by Winnie Byanyima
3 June 2015
It would be a mistake to see this year as just being about development. 2015 is a critical year for every person, in every country on this planet. The outcomes of three historical global summits will set the future direction of all government action on global financial flows, sustainable development, and climate change for the next 15 years. The UN’s Financing for Development Conference in Addis Ababa in July will be critical in setting the bar for the success of the UN Summit on the post-2015 development agenda in September, and potentially too for the UN Climate Change Conference in Paris at the end of the year.
Public spending gaps and needs globally are immense. They are more acute in the developing world. Universal health and education are still out of reach in many countries, with some in sub-Saharan Africa still 20 years away from achieving universal primary education. Public financing requirements are set to rise further considering the massive scale up in public finance needed to invest in the future Sustainable Development Goals . But we must not let the volume of the figures overwhelm us into a state of inaction. Sufficient finance is available globally. It just needs to be allocated fairly, alongside systemic international change in policy areas that affect public and private finance, such as taxation, aid and climate change. Yes, the sums are large, but let us remember that financing needs are likely to be on a smaller scale compared to those mobilized to bail out the banks in the face of the recent financial crisis.
In response to this challenge, much energy is going into seeking ‘innovative solutions’ to generate new and additional finance and new approaches to disburse that finance. Governments across the world are increasingly looking at ways of working with the private sector. New multi-stakeholder global funds or task forces are being touted as more effective ways to deliver development. Rather than seeking innovative solutions to old problems, what is needed is a renewed commitment to old solutions. Ambitious commitments on tax-based financing, for example, should be the cornerstone of any financing deal made in Addis Ababa.
Oxford University researchers recently found that tax financing is an efficient way of translating economic growth into health spending. Their research, published in the Lancet, found that tax revenue was a major statistical determinant of progress towards universal health coverage in developing countries. Each $10 per-capita increase in tax revenue was associated with an additional $1 of public health spending per capita. Whereas each $10 increase in GDP per capita was associated with an increase of $0.10.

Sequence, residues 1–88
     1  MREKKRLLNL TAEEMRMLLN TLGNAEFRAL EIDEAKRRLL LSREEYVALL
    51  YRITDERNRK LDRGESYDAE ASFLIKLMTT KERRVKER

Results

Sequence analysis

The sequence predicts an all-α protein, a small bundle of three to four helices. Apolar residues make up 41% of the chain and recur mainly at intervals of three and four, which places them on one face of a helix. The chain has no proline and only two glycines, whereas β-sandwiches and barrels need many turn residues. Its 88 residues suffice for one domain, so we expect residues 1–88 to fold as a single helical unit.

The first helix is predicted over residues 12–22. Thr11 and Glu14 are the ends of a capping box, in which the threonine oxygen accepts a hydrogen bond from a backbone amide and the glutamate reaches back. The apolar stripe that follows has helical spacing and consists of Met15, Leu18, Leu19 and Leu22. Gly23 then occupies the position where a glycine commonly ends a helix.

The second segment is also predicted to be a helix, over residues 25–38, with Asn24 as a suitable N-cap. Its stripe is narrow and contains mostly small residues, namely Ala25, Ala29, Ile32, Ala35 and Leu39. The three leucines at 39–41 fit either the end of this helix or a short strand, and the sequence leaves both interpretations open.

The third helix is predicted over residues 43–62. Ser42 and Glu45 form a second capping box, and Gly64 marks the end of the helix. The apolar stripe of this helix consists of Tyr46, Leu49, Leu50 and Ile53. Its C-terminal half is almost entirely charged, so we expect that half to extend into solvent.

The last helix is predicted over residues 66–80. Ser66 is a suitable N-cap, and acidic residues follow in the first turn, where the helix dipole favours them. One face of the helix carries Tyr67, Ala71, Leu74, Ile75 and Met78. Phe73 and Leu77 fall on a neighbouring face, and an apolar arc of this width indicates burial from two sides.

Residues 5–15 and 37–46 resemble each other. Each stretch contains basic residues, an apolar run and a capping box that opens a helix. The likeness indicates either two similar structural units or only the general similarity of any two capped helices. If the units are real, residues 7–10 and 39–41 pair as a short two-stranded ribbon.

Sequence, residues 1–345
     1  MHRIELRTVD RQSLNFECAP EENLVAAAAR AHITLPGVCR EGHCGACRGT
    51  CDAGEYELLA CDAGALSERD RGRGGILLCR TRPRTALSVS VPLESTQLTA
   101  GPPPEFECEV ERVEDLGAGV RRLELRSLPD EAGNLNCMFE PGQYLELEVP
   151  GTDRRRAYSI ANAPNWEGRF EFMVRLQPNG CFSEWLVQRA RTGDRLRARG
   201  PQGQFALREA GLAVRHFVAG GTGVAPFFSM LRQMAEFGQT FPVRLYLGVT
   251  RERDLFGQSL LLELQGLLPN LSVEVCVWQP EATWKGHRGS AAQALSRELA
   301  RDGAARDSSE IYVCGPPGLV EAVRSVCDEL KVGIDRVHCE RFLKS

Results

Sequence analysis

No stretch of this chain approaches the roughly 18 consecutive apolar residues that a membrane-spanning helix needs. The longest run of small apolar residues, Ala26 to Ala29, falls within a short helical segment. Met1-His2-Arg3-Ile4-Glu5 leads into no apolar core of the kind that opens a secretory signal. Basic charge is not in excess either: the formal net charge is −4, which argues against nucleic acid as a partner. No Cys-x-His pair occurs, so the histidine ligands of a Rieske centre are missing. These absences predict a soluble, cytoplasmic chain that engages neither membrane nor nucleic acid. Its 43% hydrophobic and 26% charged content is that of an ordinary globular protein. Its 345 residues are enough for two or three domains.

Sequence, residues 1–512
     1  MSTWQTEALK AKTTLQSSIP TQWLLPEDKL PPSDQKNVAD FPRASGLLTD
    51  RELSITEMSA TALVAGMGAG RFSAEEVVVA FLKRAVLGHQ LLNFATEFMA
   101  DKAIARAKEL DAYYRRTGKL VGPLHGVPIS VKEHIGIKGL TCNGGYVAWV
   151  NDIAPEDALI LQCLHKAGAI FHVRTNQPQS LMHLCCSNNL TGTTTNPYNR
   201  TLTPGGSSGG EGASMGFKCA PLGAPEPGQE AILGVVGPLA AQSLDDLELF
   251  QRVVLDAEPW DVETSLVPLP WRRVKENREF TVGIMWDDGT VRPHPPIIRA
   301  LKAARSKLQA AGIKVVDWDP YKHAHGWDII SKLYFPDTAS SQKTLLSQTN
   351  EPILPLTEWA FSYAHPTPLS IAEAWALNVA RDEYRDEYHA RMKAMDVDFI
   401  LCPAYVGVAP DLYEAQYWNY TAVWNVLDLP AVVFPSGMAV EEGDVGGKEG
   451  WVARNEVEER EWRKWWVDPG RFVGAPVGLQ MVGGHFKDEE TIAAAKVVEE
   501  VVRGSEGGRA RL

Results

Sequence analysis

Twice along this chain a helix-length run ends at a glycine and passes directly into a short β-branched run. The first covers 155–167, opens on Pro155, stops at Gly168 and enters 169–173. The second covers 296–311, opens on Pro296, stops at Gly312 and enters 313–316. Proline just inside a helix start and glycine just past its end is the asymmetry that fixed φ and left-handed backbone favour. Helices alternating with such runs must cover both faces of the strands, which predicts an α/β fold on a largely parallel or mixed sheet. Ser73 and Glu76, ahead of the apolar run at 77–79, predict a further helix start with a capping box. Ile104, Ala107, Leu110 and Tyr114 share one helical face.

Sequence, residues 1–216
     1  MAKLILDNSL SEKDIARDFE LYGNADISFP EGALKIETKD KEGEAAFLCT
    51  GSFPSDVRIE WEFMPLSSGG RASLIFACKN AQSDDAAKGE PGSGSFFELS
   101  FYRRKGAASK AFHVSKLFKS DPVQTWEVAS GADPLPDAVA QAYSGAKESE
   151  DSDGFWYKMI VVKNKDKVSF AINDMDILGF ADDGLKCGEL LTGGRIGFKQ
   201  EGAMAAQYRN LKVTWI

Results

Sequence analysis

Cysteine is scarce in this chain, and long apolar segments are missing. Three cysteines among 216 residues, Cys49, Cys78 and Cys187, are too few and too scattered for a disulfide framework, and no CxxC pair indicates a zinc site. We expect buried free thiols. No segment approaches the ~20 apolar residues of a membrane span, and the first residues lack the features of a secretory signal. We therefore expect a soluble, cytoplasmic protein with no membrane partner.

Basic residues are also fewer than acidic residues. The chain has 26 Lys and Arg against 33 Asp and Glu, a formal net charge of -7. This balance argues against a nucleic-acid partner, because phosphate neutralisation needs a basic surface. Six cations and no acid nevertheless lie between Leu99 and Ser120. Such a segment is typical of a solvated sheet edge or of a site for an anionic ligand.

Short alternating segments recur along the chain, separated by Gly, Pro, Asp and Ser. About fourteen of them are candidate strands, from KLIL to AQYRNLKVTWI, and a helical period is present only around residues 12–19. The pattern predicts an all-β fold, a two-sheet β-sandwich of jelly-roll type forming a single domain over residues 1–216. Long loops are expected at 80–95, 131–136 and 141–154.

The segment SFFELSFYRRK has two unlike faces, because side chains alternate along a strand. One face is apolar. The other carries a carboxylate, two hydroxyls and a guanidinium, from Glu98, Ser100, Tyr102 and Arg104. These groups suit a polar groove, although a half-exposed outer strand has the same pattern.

Equally important to how tax is spent, is how it is collected. Progressive taxation can offset the effect of growing inequality. Taxing companies, particularly successful multinational companies, is one of the most progressive forms of taxation. Developing countries are losing significant tax revenues through corporate tax dodging. Oxfam recently calculated that in 2010 alone, Africa was cheated out of US$11bn through just one of the tricks used by multinational companies to reduce tax bills – trade mispricing. According to UNCTAD, developing countries as a whole lose around US$100bn in tax revenues each year as a result of corporate tax avoidance schemes that route investments through tax havens. Additionally, an estimated US$138bn per year is lost to developing countries because they give away generous tax incentives to multinational companies.
Current efforts to reform international corporate taxation rules, such as the G20/OECD-led Base Erosion Profit Shifting (BEPS) project are too narrow in scope to make tax systems consistent with the public interest of the whole world rather than the public and vested interest of specific countries. Importantly two-thirds of the world’s governments have no formal role in the negotiating process. This is despite new IMF research indicating that developing countries are three times more vulnerable to base erosion and profit shifting activities of multinational companies than OECD countries, losing 0.84% of GDP, compared to 0.23% lost by OECD countries in the short run.
So before we seek ever more complicated solutions to financing development, let’s put effort into cooperating in a truly inclusive process to stem the huge flow of money lost to developing countries through tax dodging.
The time has come for the creation of an intergovernmental tax body that includes all countries as equal members and that has the mandate and resources to reform international corporate taxation to prevent tax evasion and avoidance and harmful tax competition, and to ensure tax cooperation between governments.
To achieve this at the forthcoming Financing for Development Conference would be a sign that we are on our way to making 2015 a historic year.